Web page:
Sunday Beth and I went north, where we found almost no one. Just as we hoped.
Last week I resigned my membership at First Friends, the Quaker meeting Beth and me have attended for almost 19 years.
At monthly meeting Sunday, my resignation was noted and sparked a lengthy, emotional discussion. I won’t go into the reasons I chose to leave. Ministry and Counsel will have to discern whether to share or act on those. But they’re foundational issues about how we live in relationship with one another.
This isn’t something I take lightly. Beth and I raised our son in the meeting, we’re both former clerks of M&C, and we’ve extended our hospitality to countless people who have visited that community. They’re a meeting that does a lot to combat food insecurity and address difficult social issues. I have many friends there. But the last few months our committees and elders have focused on process while failing those of us who are hurting.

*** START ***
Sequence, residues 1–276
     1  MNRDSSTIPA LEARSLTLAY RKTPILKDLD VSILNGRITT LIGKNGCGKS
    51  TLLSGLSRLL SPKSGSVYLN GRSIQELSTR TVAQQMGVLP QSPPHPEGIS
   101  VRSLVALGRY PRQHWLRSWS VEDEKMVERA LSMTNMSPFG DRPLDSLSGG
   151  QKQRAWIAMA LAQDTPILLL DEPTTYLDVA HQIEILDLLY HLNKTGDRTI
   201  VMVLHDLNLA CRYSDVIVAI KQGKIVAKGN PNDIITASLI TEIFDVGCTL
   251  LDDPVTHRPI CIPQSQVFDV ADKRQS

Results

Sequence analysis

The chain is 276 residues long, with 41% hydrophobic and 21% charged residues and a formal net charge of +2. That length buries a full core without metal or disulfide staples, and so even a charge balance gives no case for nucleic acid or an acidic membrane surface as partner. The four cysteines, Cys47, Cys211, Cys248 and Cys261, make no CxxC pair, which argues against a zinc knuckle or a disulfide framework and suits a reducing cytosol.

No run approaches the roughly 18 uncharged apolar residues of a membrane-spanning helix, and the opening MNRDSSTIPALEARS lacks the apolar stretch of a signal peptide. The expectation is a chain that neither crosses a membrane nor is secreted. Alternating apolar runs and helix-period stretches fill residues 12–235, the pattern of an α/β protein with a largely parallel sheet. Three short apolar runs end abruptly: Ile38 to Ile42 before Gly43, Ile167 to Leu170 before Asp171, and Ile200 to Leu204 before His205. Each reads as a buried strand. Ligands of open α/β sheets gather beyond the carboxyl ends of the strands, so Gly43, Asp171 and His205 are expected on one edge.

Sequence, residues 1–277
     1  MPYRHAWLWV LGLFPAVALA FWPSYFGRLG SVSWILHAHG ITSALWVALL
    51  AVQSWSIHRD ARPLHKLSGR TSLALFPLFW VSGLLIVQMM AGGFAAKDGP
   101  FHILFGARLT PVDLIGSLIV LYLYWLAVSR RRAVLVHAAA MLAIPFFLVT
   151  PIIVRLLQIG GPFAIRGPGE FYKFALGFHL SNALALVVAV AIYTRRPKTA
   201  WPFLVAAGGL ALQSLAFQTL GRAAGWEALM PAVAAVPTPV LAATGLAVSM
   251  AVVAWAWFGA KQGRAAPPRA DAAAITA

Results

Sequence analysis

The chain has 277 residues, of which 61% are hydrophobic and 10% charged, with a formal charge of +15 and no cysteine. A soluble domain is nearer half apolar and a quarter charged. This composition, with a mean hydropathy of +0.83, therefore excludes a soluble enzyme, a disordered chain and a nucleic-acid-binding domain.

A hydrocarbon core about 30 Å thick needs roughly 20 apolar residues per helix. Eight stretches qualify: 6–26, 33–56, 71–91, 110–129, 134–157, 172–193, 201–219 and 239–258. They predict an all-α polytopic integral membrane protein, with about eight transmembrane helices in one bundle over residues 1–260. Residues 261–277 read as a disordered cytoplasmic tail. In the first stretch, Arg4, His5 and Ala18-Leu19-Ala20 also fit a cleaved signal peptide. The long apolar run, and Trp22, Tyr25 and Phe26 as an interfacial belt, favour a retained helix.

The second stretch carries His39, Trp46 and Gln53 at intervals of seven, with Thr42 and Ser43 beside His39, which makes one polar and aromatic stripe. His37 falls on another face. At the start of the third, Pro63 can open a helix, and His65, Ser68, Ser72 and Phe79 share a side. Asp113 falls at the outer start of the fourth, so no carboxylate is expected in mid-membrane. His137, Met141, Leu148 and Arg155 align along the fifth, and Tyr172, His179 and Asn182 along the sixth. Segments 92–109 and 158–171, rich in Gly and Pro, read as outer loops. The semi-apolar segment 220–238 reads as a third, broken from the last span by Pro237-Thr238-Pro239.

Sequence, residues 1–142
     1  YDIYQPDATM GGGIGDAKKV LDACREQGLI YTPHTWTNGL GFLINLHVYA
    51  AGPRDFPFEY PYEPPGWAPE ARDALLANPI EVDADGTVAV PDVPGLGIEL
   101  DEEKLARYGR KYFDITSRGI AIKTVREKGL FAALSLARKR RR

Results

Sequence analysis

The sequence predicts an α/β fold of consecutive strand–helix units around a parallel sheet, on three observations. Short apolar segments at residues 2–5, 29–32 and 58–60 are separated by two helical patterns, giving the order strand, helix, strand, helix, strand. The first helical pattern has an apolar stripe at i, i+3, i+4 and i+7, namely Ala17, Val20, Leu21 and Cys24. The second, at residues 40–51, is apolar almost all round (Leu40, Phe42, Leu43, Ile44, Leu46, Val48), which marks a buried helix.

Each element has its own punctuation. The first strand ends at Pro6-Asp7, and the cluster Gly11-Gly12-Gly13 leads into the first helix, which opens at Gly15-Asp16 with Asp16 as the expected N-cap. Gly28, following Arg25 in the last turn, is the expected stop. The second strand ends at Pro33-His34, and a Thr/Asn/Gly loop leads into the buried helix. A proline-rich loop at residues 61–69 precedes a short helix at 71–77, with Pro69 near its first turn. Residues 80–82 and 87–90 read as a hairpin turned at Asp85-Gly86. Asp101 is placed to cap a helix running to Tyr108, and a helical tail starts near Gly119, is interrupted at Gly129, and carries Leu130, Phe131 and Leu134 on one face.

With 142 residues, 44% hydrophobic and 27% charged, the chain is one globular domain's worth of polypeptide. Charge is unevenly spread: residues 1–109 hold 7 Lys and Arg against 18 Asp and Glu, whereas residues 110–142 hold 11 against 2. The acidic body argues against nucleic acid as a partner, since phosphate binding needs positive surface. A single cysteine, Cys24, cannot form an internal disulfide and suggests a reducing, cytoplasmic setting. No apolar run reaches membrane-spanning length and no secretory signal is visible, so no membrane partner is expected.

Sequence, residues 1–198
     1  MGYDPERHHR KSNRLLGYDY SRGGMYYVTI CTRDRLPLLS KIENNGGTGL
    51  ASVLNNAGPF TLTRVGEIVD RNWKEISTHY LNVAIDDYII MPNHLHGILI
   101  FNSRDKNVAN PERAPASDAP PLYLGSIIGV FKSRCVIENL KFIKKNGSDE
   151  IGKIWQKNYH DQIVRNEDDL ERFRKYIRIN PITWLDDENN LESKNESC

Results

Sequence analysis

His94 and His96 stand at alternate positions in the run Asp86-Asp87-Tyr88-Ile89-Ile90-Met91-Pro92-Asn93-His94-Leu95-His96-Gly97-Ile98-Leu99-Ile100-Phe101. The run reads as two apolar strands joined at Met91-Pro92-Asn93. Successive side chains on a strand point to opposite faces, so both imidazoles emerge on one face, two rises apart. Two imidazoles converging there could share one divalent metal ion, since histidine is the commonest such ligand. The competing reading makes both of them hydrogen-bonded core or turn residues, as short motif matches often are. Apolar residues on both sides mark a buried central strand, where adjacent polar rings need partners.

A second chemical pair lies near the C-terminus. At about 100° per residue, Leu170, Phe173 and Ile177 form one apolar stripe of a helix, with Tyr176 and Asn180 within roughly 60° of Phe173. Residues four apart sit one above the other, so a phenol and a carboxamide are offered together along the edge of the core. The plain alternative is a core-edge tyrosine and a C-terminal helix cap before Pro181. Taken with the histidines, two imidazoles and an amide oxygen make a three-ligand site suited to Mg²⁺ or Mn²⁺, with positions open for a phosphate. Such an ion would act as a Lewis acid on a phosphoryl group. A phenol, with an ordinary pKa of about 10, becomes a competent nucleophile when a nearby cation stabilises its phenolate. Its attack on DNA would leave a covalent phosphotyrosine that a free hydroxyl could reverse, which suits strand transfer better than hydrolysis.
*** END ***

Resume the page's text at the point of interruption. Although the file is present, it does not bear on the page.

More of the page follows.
Beth’s more patient than me. She’s hanging on.
The phrase “spiritual homelessness” came to mind while I was sitting in my last monthly meeting at First Friends. There’s a distinction between the Quaker idea of church (wherever two or more are gathered in God’s name) and the institutional church. There is a powerful connection between Beth and me, and the many people in that community who love us. We don’t take that for granted; we’ll work to grow those bonds. That idea of church is still intact.
But, standing outside the institutional church after nearly two decades means two things to me: Starting over, and finding a new faith community where I can build new bonds and trust. And, missing the structure and formal bonds that made First Friends a spiritual incubator, where leadings and the support and discernment of friends led to powerful things.